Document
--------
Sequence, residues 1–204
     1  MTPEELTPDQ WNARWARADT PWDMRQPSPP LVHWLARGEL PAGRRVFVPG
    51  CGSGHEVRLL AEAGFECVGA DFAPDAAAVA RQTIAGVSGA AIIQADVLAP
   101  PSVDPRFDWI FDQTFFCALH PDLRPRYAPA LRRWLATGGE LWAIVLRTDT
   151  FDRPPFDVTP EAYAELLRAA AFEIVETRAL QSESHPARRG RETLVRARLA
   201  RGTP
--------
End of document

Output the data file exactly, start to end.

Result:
Sequence, residues 1–204
     1  MTPEELTPDQ WNARWARADT PWDMRQPSPP LVHWLARGEL PAGRRVFVPG
    51  CGSGHEVRLL AEAGFECVGA DFAPDAAAVA RQTIAGVSGA AIIQADVLAP
   101  PSVDPRFDWI FDQTFFCALH PDLRPRYAPA LRRWLATGGE LWAIVLRTDT
   151  FDRPPFDVTP EAYAELLRAA AFEIVETRAL QSESHPARRG RETLVRARLA
   201  RGTP